December 1960

Evolution and Behavior “Gulls live in flocks. They forage together the year around and nest together in the breeding season. No external force or agency compels them to this behavior; they assemble and stay together in flocks because they respond to one another. Their gregarious and often co-operative behavior is effected through communication. Each individual exhibits a considerable repertory of distinct calls, postures, movements and displays of color that elicit appropriate responses from other members of its species. Since the differences among these closely related birds are not induced by the environment, but are truly innate, it was clear that the present differences among the species must have arisen through evolutionary divergence. —N. Tinbergen”

NOTE: Nikolaas Tinbergen shared a Nobel Prize in 1973 for his work on social behavior in animals. This article is available in full on the Web at

December 1910

Undersea World “Sir John Murray, the distinguished oceanographer who recently visited the United States, remarked in an address made a few years ago before the British Association for the Advancement of Science, that ‘the deep sea discoveries of the past quarter of a century have been the most important additions to the natural knowledge of this planet since the great voyages of Columbus and Magellan.’ When attention is called to the fact that great reefs and islands have been formed through the activity of small coral animals, we have but a single instance of the importance of zoological studies in the deep seas. To-day hundreds of naturalists are working on the materials and data collected by Agassiz, the Prince of Monaco, and other deep-sea explorers.”

Information Thaw

“The Russian government has hitherto found it impossible to keep in touch with Kamschatka during two-thirds of the year, owing to the severe winter storms. Now, however, by the aid of wireless telegraphy, this region may be kept in communication with the rest of the world all the year round. A series of stations has been established, and special inducements are offered to operators who will take charge of these isolated points.”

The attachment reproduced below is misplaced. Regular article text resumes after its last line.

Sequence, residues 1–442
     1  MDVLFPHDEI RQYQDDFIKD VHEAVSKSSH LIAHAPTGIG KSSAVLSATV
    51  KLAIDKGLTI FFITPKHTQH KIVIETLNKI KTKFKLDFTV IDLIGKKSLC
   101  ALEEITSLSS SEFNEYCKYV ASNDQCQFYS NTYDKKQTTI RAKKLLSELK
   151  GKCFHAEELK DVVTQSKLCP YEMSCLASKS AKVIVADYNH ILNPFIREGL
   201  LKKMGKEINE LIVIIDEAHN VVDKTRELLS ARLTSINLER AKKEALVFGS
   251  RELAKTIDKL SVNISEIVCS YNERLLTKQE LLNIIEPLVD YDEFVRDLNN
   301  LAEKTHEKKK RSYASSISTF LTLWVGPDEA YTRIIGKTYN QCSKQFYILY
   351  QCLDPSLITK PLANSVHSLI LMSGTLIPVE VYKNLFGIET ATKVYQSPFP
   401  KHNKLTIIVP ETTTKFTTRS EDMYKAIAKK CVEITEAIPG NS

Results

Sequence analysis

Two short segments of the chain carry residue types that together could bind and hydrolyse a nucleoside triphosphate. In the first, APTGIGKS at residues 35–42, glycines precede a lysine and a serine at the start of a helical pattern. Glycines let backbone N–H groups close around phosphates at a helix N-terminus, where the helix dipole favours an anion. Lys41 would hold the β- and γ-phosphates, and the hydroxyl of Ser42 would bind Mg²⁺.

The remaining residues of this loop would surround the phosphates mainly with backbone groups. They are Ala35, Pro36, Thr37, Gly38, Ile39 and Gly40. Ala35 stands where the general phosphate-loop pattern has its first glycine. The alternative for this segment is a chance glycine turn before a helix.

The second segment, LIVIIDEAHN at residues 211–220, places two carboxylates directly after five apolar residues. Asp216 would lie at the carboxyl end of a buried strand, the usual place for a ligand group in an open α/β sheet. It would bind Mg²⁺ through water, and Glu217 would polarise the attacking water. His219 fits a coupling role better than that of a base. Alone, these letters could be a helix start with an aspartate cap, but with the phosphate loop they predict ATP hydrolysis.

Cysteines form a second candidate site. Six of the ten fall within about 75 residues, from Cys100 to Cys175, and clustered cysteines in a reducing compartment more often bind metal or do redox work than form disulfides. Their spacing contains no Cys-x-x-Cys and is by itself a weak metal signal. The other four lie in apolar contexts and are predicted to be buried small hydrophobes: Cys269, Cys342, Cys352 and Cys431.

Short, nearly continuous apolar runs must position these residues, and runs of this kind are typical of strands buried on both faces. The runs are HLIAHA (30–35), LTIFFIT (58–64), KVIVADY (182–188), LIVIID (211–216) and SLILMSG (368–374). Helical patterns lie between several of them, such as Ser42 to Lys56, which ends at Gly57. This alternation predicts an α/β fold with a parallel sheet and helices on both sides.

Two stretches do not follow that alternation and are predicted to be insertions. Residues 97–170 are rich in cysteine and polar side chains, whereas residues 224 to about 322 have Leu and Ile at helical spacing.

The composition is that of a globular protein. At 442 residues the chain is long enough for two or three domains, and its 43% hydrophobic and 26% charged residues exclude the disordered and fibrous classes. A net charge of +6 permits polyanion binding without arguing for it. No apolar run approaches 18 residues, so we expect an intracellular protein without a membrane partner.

December 1860

Honest Abe's Patent “In discharging our accustomed round of duties at the Patent Office recently, our attention was called to a model of a patented mode of buoying vessels, the invention of no less a personage than the President elect of the United States. Thinking it would interest a vast number of our readers to see what sort of an invention emanated from the brain of so distinguished an official, we had an ambrotype taken from the model [see illustration]. It is probable that among our readers there are thousands of mechanics who would devise a better apparatus for buoying steamboats over bars, but how many of them would be able to compete successfully for the presidency?”

Evils of Absinthe

“A new stimulant has been coming into pernicious prevalence among artists and literary men of France. This is absinthine, the bitter principle of wormwood, which is soluble in alcoholic liquors. Several distinguished men in France are said to have fallen victims to its use, and the highest medical authorities in that country have denounced it. We hope it may never come into use as a stimulant among our people. He who persists in it ultimately becomes a driveller and a paralytic. Science in its very highest sense teaches us that cravings of the appetite for stimulants in human beings should, in general, be resisted.”

Wonders of Coca

“The decoction of the leaves of the coca—a Peruvian Erythroxylon shrub—recently introduced into Europe, is exciting attention as possessing a peculiar stimulating power. These leaves chewed in moderate doses of from four to six grains excite the nervous system, and enable those who use them to make great muscular exertion, and to resist the effect of an unhealthy climate, imparting a sense of cheerfulness and happiness. The Indians of Bolivia and Peru travel four days at a time without taking food, their only provision consisting in a little bag of coca. What a chance this is for a patent medicine man!”